Hamline News

In Memory of Gordon Walker

gift article

Hamline University lost one of its most dedicated alumni when Gordon Walker ’51 died on December 17, 2006. Gordon, like his father, Lloyd W. D. Walker ’29, before him, held his Hamline education and experience as one of the high points of his life. Forthcoming in sharing his well-loved stories about his early experiences at Hamline, Gordon was also generous in giving of his time and money.

As a child, Gordon’s father brought him regularly to campus for basketball and football games and for many other activities and events. One that stood out in his memory was attending the 1937 inaugural basketball game played against Stanford University in the then-new Norton Fieldhouse. At that time, neither father nor son ever imagined that in 1998 Gordon would return to campus for another dedication—this time of the new Lloyd W. D. Walker Fieldhouse, made possible by a $5 million gift from Gordon.

When Gordon was old enough to come to the campus on his own, he did so with a couple of lifelong friends, Joey Hutton ’50 and Keith Paisley ’50, whom he referred to as “the neighbor kids.” They attended Hancock Elementary School and used Hamline as their backyard. When Gordon accepted an invitation to join Hamline’s Board of Trustees, he talked often about that experience, and how important it was to bring young people to Hamline so they could have a first-hand experience with the university.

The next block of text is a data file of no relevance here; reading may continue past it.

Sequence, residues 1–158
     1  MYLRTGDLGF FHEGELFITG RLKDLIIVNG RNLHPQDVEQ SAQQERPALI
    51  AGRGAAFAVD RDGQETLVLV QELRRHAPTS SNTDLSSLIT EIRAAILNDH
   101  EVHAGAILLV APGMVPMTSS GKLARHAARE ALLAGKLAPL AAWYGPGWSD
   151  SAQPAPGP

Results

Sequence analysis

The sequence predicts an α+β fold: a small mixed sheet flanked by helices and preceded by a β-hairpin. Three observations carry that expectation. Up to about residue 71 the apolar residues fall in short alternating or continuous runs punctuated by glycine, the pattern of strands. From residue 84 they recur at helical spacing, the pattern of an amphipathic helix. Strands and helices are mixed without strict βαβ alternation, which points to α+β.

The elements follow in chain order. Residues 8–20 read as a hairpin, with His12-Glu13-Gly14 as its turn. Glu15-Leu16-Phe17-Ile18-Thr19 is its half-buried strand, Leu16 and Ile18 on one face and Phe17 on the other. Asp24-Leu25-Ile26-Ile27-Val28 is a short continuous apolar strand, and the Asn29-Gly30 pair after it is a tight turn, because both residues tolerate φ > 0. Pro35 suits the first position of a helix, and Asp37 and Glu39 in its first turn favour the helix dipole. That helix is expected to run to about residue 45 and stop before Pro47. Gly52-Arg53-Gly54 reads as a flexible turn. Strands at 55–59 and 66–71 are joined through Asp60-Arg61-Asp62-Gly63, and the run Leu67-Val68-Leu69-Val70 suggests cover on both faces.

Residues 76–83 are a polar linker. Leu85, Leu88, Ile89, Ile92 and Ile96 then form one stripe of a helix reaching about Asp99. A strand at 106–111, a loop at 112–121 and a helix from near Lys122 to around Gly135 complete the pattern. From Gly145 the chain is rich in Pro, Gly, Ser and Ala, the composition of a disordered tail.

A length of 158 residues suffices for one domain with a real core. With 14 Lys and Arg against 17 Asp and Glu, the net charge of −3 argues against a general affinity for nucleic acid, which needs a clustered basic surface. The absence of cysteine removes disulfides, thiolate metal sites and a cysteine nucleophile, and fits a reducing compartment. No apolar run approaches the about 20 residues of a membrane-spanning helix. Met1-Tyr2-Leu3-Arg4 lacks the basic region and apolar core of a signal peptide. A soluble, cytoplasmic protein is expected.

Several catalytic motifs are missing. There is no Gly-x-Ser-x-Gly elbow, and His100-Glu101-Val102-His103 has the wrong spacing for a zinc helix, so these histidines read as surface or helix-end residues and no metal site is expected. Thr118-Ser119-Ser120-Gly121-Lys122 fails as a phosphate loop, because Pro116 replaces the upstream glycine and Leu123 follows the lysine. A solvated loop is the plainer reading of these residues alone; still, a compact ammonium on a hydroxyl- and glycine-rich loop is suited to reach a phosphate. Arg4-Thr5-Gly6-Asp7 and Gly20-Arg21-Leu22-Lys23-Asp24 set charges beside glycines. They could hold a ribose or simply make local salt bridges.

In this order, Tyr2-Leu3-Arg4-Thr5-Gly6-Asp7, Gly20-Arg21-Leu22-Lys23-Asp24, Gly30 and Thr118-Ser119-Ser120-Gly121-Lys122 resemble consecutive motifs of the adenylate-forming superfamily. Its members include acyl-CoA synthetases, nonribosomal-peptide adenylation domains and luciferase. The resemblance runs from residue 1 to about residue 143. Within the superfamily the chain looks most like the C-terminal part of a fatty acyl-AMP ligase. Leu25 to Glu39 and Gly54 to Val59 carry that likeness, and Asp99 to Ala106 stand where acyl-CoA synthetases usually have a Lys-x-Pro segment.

To ensure that children and youth today have the same opportunity to experience Hamline, Gordon created two influential programs through a $200,000 endowment. The first established invitational basketball tournaments for high school boys and girls, known as the Joe Hutton Memorial Tournament and the Pat Paterson Memorial Tournament. Together, the tournaments bring thousands of young people to Hamline every winter.

The second created the annual All-Sports Camp for children ages eight to fourteen. Thanks to Gordon, 400 boys and girls (and their parents) have the opportunity to become part of Hamline for two weeks every summer.

Despite these generous gifts, Gordon never considered himself “done” with giving. In 2001 he came across a story in the Oracle that impressed him. Gordon felt the author had taken a courageous stand on an important issue, and asked to meet her. “People who do things like this should get an award,” he thought, so he created a $225,000 endowment to honor undergraduate and graduate students who exemplify Hamline’s values with annual $5,000 awards. Called the John Wesley Awards, the program, thanks to the Board of Trustees, has grown to add $5,000 annual awards for faculty and staff.

Given Gordon’s dedication to Hamline, it is fitting that at his memorial service in January, President Linda Hanson announced that a longtime wish of Gordon’s would be fulfilled. Gordon had always wanted a bust of Joe Hutton, Sr. to be created, to match the bust of his father in Walker Fieldhouse and to honor Hamline’s greatest coach and the father of his friend and classmate, Joe Hutton, Jr. Thanks to Gordon, a new bust will be completed this year.

Generous to the end, the gifts of one person, Gordon A. Walker, have been transformed to the benefit of many, now and in the future.


By: Dan Loritz